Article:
Like the rest of the office, I am a music person. I played the oboe in school from the 4th grade until I graduated college, I added in some other instruments along the way but the oboe is the one I love the most. When college rolled around and we were learning about the history of architecture I was interested in the parallels between Baroque architecture and the development of the modern oboe.
Baroque architecture spanned from about the early 1600’s to the late 1700’s. As a style, it was developed by the Catholic church in Italy as a new way to inspire awe and surprise through its emotional and sensory appeal. The dramatic nature of Baroque spaces often played up the contrast of dark and light with elliptical or oval shapes.
The oboe began as a modification to the shawm, a loud and brash instrument used in outdoor military bands. In the mid 1600’s instrument makers in Paris began to look at the shawm for use in indoor music. Refining the reed and shape of the “hautbois” or baroque oboe, allowed it to be used in an orchestral setting where it was celebrated for its expressive and plaintive sound, which could convey emotion in the music much like a human voice.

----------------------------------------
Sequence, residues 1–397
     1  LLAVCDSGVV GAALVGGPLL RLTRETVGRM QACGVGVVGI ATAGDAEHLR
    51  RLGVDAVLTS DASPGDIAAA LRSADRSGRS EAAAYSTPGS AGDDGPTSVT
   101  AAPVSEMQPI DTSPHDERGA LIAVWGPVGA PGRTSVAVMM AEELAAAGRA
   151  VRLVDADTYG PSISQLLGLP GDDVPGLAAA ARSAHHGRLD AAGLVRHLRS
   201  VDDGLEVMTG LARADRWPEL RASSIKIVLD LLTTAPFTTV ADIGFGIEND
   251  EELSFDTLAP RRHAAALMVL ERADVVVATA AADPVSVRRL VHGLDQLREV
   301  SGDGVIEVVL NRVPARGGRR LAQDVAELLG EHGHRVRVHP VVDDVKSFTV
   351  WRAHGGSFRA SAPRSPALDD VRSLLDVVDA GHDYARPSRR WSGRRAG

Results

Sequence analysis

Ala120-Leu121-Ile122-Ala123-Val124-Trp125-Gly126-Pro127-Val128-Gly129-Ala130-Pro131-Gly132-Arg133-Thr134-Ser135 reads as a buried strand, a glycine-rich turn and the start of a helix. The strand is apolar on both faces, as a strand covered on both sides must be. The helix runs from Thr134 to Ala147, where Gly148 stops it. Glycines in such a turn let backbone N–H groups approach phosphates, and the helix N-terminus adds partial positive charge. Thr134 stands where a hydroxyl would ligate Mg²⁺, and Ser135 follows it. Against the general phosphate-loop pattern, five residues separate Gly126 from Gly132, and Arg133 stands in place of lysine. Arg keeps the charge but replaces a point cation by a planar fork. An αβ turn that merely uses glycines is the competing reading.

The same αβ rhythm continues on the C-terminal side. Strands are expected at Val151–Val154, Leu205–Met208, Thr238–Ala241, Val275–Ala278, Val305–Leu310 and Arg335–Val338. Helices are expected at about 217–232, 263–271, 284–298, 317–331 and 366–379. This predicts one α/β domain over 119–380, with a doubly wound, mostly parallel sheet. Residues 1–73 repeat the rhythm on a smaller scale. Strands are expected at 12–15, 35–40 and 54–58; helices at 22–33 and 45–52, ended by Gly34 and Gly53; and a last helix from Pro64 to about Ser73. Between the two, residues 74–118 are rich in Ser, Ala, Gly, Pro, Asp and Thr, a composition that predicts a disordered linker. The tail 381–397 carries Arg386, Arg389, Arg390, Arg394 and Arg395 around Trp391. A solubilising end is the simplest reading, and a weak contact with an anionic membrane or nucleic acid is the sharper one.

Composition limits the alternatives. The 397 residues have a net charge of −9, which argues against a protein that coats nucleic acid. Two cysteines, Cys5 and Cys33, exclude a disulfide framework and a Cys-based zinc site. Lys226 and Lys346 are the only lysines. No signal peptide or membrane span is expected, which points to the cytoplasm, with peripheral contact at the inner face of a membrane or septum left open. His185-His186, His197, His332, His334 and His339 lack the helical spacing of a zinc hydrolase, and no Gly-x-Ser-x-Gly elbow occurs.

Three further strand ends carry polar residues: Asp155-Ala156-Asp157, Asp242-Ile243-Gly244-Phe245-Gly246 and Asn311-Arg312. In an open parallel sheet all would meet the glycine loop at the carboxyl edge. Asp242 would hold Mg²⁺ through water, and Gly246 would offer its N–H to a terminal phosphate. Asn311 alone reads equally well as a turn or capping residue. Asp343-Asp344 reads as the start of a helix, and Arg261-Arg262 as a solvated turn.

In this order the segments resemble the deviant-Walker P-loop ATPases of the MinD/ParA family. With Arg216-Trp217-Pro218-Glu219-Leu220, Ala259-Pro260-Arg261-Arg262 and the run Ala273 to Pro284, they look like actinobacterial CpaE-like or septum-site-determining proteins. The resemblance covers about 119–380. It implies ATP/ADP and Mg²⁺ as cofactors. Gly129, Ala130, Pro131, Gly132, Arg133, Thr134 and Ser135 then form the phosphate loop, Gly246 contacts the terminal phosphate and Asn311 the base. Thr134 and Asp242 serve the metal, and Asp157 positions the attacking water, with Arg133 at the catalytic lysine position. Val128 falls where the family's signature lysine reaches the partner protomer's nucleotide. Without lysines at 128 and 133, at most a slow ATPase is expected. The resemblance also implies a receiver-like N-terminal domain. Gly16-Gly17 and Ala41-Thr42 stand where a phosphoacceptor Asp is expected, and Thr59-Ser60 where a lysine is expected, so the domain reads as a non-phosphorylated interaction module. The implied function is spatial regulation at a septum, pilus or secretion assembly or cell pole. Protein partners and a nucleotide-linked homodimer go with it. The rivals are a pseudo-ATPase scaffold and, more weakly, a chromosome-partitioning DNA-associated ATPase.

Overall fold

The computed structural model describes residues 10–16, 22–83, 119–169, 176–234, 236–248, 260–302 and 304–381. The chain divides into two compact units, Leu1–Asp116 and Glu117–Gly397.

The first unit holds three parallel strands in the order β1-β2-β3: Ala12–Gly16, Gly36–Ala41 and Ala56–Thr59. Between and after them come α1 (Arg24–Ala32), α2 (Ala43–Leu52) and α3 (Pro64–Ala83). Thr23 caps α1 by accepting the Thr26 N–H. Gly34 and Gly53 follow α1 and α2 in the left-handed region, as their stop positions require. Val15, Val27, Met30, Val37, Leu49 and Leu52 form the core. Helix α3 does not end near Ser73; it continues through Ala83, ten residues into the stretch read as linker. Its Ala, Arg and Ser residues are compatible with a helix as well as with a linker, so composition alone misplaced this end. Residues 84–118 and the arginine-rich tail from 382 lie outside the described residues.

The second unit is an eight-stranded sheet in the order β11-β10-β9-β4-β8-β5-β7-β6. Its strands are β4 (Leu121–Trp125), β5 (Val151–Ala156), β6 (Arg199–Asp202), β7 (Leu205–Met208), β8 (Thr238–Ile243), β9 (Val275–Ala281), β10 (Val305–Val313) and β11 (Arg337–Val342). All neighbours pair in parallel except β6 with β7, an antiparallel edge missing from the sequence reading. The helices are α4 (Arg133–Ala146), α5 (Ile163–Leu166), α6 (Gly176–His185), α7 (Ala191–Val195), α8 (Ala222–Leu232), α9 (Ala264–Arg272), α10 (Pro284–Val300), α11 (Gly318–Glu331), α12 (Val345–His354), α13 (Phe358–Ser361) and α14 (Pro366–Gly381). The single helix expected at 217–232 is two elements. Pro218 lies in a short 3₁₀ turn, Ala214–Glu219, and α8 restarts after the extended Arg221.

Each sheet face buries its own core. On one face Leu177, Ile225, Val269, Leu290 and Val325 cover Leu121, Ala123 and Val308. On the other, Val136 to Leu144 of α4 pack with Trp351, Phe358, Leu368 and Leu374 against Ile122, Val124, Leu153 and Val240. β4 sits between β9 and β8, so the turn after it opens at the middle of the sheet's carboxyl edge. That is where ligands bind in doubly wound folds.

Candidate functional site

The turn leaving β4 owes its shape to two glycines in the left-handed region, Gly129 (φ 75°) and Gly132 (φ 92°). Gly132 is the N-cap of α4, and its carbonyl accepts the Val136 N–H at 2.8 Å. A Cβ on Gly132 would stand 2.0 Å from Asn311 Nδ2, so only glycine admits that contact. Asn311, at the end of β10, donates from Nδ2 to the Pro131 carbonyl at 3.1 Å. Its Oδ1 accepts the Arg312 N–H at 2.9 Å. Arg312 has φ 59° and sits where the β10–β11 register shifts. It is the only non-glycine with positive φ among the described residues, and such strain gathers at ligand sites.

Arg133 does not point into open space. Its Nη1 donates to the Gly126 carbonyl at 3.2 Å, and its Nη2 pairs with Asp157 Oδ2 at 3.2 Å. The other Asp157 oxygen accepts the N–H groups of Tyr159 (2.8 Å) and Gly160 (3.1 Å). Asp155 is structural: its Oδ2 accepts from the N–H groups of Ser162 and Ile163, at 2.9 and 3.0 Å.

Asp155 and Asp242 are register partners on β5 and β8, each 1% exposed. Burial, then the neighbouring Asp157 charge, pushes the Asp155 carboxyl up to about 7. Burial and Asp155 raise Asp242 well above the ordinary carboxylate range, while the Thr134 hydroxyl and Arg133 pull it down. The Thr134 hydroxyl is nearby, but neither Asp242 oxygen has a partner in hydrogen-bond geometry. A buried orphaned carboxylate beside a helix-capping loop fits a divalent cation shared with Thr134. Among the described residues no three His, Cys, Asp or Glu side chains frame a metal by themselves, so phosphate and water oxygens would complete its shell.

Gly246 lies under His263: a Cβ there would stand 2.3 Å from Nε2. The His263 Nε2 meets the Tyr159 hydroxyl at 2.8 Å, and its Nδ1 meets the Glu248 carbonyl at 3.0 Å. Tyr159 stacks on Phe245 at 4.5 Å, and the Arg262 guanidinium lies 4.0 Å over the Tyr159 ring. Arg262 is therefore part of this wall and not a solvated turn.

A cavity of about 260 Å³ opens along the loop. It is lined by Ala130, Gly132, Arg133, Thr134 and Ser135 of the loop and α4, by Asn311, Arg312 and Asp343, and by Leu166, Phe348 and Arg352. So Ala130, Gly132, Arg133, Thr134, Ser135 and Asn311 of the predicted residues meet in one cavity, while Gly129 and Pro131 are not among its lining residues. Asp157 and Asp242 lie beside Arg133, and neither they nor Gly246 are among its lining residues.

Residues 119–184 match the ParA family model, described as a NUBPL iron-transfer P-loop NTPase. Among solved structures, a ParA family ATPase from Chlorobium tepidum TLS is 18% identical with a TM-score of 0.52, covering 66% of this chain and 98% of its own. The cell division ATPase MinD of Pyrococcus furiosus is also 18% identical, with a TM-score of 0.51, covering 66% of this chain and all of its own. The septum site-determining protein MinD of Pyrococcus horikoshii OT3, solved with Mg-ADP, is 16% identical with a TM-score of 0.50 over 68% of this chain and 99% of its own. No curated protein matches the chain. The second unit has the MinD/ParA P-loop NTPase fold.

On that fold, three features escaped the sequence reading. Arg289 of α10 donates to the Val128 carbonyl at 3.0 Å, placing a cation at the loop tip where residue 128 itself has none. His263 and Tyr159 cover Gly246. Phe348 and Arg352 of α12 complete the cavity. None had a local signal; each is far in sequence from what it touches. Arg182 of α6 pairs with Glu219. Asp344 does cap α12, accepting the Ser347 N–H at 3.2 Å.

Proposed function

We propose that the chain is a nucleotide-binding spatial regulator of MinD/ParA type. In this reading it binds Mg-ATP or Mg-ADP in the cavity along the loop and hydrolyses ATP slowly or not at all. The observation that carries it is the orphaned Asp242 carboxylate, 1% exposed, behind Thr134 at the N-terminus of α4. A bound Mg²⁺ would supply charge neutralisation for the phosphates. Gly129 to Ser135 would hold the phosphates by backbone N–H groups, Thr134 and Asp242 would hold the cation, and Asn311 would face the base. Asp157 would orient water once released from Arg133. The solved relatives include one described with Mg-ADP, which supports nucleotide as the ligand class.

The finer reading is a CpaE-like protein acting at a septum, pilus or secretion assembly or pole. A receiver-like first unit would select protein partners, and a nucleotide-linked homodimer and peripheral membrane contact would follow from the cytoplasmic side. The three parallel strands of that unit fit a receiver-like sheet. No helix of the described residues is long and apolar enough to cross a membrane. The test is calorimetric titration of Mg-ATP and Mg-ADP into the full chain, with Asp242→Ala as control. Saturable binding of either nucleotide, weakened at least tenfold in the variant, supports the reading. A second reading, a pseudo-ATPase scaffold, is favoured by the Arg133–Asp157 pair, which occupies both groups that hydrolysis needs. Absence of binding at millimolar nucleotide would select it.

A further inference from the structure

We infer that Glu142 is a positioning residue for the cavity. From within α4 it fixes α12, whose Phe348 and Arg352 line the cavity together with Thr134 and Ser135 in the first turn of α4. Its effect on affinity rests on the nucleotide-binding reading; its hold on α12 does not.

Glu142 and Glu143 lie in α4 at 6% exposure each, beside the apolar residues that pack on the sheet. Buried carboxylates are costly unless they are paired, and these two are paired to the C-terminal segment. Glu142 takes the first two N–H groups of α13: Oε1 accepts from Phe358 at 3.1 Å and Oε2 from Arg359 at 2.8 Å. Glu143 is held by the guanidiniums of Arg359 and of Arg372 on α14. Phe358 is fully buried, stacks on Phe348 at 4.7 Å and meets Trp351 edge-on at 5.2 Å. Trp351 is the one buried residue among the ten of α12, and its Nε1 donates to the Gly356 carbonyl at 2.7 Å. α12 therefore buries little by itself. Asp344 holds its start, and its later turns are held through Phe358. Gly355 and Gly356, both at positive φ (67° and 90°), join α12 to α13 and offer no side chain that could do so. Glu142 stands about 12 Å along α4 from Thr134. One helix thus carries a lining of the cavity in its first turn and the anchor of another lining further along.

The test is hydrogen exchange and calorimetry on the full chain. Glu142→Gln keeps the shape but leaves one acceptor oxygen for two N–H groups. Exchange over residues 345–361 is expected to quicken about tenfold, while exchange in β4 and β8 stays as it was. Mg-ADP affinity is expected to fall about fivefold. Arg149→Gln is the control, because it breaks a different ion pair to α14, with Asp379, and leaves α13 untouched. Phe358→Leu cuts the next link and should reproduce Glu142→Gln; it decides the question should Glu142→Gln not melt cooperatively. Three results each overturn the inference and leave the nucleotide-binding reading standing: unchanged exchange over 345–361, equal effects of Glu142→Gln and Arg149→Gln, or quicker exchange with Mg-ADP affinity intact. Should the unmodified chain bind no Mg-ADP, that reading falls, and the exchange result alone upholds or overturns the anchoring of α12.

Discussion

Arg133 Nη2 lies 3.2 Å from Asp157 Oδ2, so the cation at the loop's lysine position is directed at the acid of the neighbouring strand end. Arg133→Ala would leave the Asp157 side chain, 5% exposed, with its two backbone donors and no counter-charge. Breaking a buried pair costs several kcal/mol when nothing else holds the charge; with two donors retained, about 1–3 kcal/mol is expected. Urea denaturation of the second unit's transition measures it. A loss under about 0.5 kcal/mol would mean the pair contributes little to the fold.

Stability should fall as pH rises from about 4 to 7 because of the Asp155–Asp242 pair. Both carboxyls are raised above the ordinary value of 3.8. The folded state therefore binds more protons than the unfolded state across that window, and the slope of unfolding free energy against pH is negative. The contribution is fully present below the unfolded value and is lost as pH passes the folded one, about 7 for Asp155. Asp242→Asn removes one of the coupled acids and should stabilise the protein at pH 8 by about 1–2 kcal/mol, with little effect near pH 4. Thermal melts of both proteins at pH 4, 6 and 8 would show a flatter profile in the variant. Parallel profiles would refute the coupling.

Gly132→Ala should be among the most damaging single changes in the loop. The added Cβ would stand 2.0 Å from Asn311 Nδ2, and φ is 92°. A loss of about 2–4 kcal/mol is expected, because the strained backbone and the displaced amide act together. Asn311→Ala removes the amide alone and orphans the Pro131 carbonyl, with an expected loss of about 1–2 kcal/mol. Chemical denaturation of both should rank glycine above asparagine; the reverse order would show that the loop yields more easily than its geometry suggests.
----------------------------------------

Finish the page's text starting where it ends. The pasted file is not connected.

A dramatic and ornamented style, Baroque architecture was a way to display wealth and power and was mainly used for public buildings but was used occasionally by the wealthy elite for personal properties. Colonnades and domes feature prominently, often covered in scrollwork, sculpture, or trompe-l'œil (an art technique that creates a 3D optical illusion from 2D realistic imagery).
As the baroque oboe continued its transformation, keys were added, the interior bore was narrowed, and the exterior shape of the instrument became decorative with multiple sculpted pieces. All these changes allowed the oboe a greater range of expression and to truly become an integral solo instrument in symphony, chamber, and opera music. Composers such as Vivaldi and Albinoni were partial to creating music for the oboe during the Baroque period.
The Late Baroque, often referred to as Rococo, took the ornamentation and drama of the early Baroque and brought it to the next level. Curves, undulations of surface, and elements based in nature were prominent features. The Baroque styles were eventually phased out in the 18th century in favor of styles like Neo-classicism which favored the simplicity and symmetry of Ancient Greek and Roman design.
As Baroque architecture was meeting its decline the oboe continued to be a major player in the music scene. The modern oboe is now used in all types of music from traditional symphonic works to pop songs and movies. You can listen to a collection of oboe music here from the Baroque period to today.